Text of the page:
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Are there any guiding principles that can be applied to decide whether to use Substrate's BoundedVec, WeakBoundedVec, or Vec in a runtime?

Is it a general rule of thumb to use the bounded variant whenever some worst-case upper bound of the vector can be determined or is there something else to consider?

Are there other advantages of using the bounded variant besides the effect of then having defined a maximum length (and thus setting a bound on the number of iterations) for the vector?

And what's the idea when to use BoundedVec vs. WeakBoundedVec?

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    There is also BoundedVec I believe? Commented Mar 24, 2022 at 12:50
  • @RosaryBeads Thanks! I've updated the title + description.
    – cmichi
    Commented Mar 24, 2022 at 16:32

1 Answer 1

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Please don't use WeakBoundedVec ever, unless you are migrating code which you plan to fix in the future.

Instead use directly BoundedVec which ensures that any item placed in storage as a maximum upper bound.

WeakBoundedVec was an unfortunate necessity to migrate some existing logic to use BoundedVec logic, but where we could not return an error if the Vec was too large.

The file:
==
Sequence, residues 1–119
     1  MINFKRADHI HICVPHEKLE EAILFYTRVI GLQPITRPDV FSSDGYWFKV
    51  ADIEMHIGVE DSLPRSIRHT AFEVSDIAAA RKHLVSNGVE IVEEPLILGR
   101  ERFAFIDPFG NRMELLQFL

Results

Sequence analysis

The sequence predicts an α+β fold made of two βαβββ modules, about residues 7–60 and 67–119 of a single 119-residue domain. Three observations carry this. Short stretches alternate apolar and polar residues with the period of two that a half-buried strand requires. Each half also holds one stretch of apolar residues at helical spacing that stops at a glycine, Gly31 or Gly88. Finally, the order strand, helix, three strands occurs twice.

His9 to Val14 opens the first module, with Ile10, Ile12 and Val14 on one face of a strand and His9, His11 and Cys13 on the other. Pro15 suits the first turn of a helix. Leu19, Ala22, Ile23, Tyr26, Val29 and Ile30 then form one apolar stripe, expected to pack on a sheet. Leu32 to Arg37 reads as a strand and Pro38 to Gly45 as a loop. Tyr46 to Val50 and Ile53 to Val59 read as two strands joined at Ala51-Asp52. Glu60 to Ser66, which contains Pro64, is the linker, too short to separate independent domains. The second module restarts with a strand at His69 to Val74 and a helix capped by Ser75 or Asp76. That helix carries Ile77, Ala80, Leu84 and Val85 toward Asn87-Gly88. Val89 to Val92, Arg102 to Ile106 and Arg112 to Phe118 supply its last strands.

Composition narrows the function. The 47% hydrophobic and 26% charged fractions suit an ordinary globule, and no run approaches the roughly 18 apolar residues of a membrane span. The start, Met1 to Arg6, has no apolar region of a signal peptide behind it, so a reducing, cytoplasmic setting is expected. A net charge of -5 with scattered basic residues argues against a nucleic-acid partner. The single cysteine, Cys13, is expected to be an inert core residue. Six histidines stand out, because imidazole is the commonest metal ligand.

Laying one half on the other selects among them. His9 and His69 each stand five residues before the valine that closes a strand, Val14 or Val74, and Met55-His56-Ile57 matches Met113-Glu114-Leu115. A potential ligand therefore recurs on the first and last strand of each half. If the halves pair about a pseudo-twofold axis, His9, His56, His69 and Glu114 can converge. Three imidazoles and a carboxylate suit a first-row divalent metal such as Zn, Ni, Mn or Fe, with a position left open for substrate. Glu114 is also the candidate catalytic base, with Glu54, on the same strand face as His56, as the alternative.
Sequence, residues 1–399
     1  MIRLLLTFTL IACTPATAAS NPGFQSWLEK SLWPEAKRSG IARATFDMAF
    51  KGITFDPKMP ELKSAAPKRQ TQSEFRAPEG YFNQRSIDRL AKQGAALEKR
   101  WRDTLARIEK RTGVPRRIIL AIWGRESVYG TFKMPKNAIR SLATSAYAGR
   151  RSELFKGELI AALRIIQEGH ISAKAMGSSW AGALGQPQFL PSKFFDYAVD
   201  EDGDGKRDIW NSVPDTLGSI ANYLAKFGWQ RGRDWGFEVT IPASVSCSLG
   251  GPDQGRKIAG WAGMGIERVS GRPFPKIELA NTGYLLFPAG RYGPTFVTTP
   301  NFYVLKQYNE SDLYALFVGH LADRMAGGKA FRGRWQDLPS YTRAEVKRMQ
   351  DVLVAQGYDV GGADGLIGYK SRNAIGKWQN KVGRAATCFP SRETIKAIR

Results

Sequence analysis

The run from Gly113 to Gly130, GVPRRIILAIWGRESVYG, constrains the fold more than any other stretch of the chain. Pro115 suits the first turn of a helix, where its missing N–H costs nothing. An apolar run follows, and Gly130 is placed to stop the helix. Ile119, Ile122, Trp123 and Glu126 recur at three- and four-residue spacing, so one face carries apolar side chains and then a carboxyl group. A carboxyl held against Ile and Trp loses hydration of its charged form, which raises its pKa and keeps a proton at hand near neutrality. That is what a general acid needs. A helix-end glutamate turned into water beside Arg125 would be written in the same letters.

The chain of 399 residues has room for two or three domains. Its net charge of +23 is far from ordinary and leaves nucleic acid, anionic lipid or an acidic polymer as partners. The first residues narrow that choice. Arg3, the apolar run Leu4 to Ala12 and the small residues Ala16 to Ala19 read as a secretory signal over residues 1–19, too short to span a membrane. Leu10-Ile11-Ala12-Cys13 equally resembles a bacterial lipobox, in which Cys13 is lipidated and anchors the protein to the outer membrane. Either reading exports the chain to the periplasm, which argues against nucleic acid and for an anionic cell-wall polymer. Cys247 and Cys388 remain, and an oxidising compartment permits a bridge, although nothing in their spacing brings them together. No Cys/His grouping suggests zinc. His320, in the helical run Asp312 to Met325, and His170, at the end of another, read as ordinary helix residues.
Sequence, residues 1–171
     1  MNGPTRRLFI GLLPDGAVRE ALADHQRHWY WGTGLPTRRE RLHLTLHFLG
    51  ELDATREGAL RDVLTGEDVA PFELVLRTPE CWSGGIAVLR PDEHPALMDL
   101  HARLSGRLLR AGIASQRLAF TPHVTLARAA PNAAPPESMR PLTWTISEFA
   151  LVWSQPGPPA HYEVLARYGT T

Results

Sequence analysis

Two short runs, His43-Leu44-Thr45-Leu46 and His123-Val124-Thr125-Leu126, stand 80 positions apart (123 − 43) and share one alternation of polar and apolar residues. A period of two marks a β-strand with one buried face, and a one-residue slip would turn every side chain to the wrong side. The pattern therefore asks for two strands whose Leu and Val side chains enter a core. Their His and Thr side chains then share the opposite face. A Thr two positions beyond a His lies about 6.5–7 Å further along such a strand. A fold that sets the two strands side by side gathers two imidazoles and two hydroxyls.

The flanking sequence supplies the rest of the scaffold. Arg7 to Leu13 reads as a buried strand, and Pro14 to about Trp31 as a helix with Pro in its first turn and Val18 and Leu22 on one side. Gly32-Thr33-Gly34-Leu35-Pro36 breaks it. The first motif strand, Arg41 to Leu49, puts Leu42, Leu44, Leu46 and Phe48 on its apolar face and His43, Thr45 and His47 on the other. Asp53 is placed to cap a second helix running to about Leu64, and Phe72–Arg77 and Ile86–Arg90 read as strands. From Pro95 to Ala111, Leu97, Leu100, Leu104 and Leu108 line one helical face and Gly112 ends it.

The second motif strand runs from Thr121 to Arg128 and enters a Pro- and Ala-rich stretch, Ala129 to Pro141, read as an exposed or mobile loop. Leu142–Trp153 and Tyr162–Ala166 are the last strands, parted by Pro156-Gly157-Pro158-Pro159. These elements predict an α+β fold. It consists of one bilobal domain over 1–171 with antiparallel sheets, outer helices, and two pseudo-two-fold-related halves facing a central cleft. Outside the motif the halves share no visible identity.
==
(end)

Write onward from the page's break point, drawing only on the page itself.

As you know (currently), FRAME does not allow you to return an error after modifying storage. As such, there was some code that was programmed in the past that was made to be infallible, but after the introduction of BoundedVecs, was no longer infallible.

When approaching this problem, we could either try to refactor everything, or we could introduce the WeakBoundedVec, and we chose the latter.

Vec is okay to use in the runtime, but never to put into storage, since it is unbounded by definition.

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  • Do you know how much elements / bytes should at maximum be stored inside a BoundedVec?
    – Chralt
    Commented Mar 29, 2023 at 7:54

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